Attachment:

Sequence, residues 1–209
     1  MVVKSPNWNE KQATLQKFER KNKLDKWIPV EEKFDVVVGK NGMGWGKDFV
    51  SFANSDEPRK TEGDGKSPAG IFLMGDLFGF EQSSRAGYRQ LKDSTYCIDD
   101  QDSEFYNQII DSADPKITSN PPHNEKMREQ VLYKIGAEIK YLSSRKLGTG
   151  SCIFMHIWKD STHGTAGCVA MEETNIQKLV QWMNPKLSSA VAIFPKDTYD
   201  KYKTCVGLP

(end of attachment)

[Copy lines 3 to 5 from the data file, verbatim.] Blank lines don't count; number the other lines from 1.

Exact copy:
    51  SFANSDEPRK TEGDGKSPAG IFLMGDLFGF EQSSRAGYRQ LKDSTYCIDD
   101  QDSEFYNQII DSADPKITSN PPHNEKMREQ VLYKIGAEIK YLSSRKLGTG
   151  SCIFMHIWKD STHGTAGCVA MEETNIQKLV QWMNPKLSSA VAIFPKDTYD